Cell surface Nucleolin represents a novel cellular target for neuroblastoma therapy

Chiara Brignole, Veronica Bensa, Nuno A. Fonseca, Genny Del Zotto, Silvia Bruno, Ana F. Cruz, Fabiana Malaguti, Barbara Carlini, Fabio Morandi, Enzo Calarco, Patrizia Perri, Vera Moura, Laura Emionite, Michele Cilli, Francesco De Leonardis, Annalisa Tondo, Loredana Amoroso, Massimo Conte, Alberto Garaventa, Angela R. SementaMaria V. Corrias, Mirco Ponzoni, Joao N. Moreira, Fabio Pastorino

Research output: Contribution to journalArticlepeer-review


Background: Neuroblastoma (NB) represents the most frequent and aggressive form of extracranial solid tumor of infants. Nucleolin (NCL) is a protein overexpressed and partially localized on the cell surface of tumor cells of adult cancers. Little is known about NCL and pediatric tumors and nothing is reported about cell surface NCL and NB. Methods: NB cell lines, Schwannian stroma-poor NB tumors and bone marrow (BM)-infiltrating NB cells were evaluated for the expression of cell surface NCL by Flow Cytometry, Imaging Flow Cytometry and Immunohistochemistry analyses. The cytotoxic activity of doxorubicin (DXR)-loaded nanocarriers decorated with the NCL-recognizing F3 peptide (T-DXR) was evaluated in terms of inhibition of NB cell proliferation and induction of cell death in vitro, whereas metastatic and orthotopic animal models of NB were used to examine their in vivo anti-tumor potential. Results: NB cell lines, NB tumor cells (including patient-derived and Patient-Derived Xenografts-PDX) and 70% of BM-infiltrating NB cells show cell surface NCL expression. NCL staining was evident on both tumor and endothelial tumor cells in NB xenografts. F3 peptide-targeted nanoparticles, co-localizing with cell surface NCL, strongly associates with NB cells showing selective tumor cell internalization. T-DXR result significantly more effective, in terms of inhibition of cell proliferation and reduction of cell viability in vitro, and in terms of delay of tumor growth in all NB animal model tested, when compared to both control mice and those treated with the untargeted formulation. Conclusions: Our findings demonstrate that NCL could represent an innovative therapeutic cellular target for NB.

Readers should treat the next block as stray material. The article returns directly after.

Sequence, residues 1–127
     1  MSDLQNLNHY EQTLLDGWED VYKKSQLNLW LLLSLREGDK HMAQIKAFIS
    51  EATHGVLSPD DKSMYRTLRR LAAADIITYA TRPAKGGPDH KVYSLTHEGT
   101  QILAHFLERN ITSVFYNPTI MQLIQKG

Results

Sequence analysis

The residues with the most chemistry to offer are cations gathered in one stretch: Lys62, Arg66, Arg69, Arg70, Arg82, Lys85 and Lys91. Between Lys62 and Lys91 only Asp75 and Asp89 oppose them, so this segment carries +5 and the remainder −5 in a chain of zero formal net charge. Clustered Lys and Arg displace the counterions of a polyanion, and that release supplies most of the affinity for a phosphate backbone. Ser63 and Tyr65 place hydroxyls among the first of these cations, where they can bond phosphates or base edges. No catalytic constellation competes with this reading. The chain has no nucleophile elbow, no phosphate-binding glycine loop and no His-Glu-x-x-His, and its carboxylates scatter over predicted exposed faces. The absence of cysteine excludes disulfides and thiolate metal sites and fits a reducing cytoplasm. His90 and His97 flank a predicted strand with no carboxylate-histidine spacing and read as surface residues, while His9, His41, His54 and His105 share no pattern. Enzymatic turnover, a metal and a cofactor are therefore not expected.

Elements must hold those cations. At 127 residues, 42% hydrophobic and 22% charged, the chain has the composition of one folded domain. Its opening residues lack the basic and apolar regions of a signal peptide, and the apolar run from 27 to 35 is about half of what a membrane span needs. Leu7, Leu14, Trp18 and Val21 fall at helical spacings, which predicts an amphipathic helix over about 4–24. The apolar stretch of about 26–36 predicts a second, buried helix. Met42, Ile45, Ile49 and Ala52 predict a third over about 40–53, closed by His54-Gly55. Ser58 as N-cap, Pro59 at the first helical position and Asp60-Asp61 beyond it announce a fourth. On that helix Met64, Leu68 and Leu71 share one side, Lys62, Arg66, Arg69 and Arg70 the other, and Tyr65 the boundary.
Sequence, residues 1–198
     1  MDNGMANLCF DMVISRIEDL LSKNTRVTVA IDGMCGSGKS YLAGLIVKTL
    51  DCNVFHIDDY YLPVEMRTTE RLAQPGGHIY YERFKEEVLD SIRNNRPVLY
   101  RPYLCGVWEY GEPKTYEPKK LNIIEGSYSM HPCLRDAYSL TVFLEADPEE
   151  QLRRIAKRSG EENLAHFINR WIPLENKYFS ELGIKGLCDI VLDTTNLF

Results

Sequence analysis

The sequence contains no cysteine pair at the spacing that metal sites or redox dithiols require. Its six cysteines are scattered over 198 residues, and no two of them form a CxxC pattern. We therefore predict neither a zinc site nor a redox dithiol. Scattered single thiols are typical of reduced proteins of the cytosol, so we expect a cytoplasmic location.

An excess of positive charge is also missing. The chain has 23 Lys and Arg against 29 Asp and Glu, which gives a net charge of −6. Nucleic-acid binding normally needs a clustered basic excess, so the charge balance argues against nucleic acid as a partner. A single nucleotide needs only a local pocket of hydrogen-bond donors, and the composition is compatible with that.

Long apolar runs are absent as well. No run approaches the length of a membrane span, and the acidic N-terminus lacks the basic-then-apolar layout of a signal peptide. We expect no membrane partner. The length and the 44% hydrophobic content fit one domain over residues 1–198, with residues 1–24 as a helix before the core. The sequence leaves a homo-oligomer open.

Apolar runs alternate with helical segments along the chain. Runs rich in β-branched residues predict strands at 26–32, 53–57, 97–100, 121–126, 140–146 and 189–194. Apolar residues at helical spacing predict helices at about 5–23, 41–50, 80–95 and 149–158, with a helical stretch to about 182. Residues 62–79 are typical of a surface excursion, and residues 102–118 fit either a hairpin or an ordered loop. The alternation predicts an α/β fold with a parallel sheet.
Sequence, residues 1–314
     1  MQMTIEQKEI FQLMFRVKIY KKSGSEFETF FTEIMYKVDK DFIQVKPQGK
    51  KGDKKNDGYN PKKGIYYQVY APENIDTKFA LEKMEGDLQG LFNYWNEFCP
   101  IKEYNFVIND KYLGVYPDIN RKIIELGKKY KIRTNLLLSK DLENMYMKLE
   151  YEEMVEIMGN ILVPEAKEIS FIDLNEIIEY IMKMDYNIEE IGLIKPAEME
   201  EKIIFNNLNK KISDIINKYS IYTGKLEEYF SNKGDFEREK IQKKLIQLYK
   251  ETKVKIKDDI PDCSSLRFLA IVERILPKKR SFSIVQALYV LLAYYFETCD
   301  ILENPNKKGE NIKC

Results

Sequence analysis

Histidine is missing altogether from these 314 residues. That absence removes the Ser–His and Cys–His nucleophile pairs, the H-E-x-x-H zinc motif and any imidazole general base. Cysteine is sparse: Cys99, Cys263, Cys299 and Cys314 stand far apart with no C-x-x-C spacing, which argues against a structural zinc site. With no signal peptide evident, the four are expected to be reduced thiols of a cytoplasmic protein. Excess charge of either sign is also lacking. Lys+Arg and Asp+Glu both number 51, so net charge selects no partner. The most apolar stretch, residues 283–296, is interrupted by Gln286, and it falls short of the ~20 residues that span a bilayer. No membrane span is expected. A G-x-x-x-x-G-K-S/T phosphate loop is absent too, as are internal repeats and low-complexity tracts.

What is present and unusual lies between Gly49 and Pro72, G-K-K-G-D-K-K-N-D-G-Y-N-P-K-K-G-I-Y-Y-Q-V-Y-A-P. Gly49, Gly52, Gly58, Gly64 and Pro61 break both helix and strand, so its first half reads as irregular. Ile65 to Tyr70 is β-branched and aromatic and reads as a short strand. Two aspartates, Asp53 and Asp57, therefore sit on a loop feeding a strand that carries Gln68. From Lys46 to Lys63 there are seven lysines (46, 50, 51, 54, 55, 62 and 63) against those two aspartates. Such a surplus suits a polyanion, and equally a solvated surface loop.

Original languageEnglish
Article number180
JournalJournal of Experimental and Clinical Cancer Research
Issue number1
Publication statusPublished - Dec 2021


  • Cell surface protein
  • Nanotechnology
  • Neuroblastoma
  • Nucleolin
  • Targeted therapy

ASJC Scopus subject areas

  • Oncology
  • Cancer Research


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